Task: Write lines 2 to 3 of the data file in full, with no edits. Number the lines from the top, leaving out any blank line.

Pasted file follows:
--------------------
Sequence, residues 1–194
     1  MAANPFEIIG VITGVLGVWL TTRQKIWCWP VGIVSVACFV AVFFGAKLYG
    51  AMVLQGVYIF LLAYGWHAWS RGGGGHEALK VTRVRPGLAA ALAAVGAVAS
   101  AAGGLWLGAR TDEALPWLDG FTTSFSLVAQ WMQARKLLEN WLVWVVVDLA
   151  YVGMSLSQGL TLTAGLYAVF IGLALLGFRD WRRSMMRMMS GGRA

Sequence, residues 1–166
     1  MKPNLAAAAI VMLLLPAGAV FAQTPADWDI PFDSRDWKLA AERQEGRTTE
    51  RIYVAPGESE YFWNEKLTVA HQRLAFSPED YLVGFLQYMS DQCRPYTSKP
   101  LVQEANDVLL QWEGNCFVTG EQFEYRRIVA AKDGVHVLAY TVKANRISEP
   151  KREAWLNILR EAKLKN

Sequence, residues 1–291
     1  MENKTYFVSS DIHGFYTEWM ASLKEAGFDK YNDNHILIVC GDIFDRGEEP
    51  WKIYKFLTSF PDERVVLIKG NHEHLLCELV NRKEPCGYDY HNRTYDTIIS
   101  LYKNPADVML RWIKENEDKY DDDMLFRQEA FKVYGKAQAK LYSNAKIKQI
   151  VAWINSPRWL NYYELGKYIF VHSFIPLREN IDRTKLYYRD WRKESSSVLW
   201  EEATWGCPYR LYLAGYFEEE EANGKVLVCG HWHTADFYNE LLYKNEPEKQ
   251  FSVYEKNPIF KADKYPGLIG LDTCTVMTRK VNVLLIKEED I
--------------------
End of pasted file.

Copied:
     1  MAANPFEIIG VITGVLGVWL TTRQKIWCWP VGIVSVACFV AVFFGAKLYG
    51  AMVLQGVYIF LLAYGWHAWS RGGGGHEALK VTRVRPGLAA ALAAVGAVAS